Interestingly, the FRANXX are absent in episodes 16 to 18, giving the pilots a brief moment when they can experience a life without fighting in the FRANXX. At a glance, the episodes appear to present an alternative condition where the pilots can experience a life without the mediation of technology that the aforementioned crises have converged in. They are even shown to prepare handmade dinner from materials they harvest themselves when the supply of pre-prepared food is cut off, as if to reinforce the “go back to nature” feel.

“Naturally” prepared food still actually comes from engineered environment (©DARLING in the FRANXX Production Committee)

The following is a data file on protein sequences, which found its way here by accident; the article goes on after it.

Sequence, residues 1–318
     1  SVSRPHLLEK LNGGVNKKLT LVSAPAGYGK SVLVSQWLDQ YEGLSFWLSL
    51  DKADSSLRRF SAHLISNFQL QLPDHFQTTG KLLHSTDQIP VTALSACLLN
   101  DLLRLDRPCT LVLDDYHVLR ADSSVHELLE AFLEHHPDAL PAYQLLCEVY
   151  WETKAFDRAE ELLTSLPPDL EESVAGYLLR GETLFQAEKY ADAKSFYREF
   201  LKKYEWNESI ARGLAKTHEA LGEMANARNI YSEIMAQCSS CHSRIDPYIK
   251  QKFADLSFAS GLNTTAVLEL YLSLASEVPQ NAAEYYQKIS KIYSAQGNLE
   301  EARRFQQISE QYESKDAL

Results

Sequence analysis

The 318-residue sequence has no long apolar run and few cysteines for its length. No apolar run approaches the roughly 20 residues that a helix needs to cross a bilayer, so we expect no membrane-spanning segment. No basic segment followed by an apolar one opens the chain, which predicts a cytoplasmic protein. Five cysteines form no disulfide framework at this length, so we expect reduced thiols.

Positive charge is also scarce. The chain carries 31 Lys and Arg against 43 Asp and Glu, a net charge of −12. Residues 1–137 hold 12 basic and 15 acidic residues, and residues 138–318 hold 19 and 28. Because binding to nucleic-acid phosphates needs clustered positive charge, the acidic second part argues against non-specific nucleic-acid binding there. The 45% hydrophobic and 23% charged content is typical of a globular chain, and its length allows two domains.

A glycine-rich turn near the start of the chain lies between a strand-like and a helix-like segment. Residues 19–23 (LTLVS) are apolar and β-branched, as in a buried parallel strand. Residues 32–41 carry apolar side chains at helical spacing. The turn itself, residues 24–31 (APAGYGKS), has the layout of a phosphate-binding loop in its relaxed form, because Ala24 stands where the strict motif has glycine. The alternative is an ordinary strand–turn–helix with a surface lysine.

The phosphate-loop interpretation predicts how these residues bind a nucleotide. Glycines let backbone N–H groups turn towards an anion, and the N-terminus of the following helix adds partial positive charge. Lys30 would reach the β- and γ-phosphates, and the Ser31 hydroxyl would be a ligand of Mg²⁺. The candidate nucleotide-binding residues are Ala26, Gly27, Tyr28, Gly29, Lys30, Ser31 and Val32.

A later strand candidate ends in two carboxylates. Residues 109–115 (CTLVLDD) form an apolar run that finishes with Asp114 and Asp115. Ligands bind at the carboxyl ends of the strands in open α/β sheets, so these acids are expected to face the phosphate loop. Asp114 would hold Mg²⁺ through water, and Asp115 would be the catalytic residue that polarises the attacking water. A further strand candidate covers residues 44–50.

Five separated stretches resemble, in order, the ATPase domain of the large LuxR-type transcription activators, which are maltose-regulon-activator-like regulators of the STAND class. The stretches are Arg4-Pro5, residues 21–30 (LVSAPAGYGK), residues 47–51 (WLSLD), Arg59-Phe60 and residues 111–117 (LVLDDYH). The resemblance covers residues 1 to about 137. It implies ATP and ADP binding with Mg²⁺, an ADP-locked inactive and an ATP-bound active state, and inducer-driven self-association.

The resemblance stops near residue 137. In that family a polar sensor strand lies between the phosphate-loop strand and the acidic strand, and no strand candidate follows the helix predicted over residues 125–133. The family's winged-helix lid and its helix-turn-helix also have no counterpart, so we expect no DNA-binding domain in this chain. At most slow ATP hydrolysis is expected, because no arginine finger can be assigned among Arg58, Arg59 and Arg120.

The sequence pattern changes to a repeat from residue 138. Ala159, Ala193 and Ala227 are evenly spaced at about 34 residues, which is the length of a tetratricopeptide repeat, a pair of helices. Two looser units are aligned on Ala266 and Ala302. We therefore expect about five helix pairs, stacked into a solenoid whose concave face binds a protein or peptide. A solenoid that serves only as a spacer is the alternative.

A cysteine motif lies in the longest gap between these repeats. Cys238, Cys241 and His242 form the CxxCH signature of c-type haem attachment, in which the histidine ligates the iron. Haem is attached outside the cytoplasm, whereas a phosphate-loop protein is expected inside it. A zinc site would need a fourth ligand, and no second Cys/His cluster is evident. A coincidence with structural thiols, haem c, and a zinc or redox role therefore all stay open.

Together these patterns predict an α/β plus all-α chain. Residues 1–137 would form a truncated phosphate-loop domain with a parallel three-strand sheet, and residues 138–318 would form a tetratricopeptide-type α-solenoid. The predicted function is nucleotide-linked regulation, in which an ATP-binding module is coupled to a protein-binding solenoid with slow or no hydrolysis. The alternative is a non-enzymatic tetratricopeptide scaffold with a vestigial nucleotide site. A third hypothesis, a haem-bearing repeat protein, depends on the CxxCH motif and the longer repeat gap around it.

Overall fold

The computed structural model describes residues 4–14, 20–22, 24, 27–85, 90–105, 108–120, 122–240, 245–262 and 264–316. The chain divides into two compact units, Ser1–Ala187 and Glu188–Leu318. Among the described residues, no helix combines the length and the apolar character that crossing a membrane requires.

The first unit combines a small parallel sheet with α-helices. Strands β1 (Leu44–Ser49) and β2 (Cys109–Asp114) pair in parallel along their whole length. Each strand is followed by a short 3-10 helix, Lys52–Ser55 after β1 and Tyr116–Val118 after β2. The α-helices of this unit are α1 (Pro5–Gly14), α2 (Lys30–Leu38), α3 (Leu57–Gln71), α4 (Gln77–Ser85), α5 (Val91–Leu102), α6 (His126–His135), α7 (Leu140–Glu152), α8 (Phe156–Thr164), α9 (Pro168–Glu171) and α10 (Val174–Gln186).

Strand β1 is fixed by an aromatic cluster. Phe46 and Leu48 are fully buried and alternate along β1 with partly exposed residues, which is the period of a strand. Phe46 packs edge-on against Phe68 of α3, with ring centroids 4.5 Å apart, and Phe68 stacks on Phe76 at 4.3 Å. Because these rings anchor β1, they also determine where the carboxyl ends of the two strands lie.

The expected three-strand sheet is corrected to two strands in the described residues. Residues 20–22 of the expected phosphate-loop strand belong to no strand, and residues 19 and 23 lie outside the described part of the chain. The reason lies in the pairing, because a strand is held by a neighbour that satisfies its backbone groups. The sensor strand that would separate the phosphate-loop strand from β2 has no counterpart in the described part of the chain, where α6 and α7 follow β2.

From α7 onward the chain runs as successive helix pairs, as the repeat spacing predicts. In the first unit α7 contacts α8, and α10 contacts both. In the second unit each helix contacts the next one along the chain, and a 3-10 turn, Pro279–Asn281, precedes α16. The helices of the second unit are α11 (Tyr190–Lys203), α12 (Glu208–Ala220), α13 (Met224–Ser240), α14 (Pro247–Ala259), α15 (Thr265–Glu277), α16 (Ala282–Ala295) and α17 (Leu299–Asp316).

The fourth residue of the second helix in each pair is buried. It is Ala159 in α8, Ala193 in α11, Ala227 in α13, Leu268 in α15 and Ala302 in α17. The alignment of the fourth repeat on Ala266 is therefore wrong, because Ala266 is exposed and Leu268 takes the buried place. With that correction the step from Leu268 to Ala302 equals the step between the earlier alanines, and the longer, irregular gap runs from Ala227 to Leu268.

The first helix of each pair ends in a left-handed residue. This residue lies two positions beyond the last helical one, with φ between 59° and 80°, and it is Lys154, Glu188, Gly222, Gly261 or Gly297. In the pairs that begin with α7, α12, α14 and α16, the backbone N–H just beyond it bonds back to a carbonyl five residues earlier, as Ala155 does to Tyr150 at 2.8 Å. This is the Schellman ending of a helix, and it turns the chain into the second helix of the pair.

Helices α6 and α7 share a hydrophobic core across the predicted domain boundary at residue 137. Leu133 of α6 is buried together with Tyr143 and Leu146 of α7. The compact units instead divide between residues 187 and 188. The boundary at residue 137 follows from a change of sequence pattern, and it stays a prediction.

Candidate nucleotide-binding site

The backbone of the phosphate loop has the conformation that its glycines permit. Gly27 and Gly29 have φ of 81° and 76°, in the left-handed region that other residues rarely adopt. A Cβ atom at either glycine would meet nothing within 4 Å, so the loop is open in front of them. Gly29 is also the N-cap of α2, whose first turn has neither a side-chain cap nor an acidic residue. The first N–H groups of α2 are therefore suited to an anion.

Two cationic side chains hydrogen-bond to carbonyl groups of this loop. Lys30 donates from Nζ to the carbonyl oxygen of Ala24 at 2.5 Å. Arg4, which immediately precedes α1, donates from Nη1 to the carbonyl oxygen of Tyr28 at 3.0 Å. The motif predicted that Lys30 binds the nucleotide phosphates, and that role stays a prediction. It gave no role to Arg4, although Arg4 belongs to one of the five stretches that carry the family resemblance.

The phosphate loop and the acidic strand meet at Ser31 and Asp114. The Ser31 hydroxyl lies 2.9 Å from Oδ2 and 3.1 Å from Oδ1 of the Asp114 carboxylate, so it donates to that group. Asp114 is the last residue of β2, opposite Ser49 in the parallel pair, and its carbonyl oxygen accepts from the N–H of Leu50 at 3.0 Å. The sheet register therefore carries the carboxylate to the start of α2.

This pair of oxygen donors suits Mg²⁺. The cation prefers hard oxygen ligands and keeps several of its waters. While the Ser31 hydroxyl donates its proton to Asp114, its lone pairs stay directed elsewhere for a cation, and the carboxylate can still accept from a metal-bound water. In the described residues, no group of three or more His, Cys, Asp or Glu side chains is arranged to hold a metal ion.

However, later on it is revealed to the pilots that the adults, who have left behind sexual reproduction themselves, engineered the pilot kids to retain their reproductive organs because they enable the kids to pilot the FRANXX. Thus, not piloting the FRANXX does not mean the kids are returned to a “natural” condition where technological mediation is absent, because it turns out the FRANXX technology has always conditioned their existence from their birth. This situation reminds of the scenario in Nadia: The Secret of Blue Water/Fushigi no Umi no Nadia (1990), another anime from studio GAINAX, that disrupts the idea of a “natural” state without technological condition, by revealing that the human race was produced by Atlantean engineering, who in this anime are alien colonists from Nebula M78 that manipulated life on Earth to become their servants (Lamarre, 2009). Just like the existence of humanity in Nadia has always been technologically conditioned from the start, for the pilot kids of Darlifratechnological mediation has always been present with them to begin with; “nature” is just another thing that can be engineered.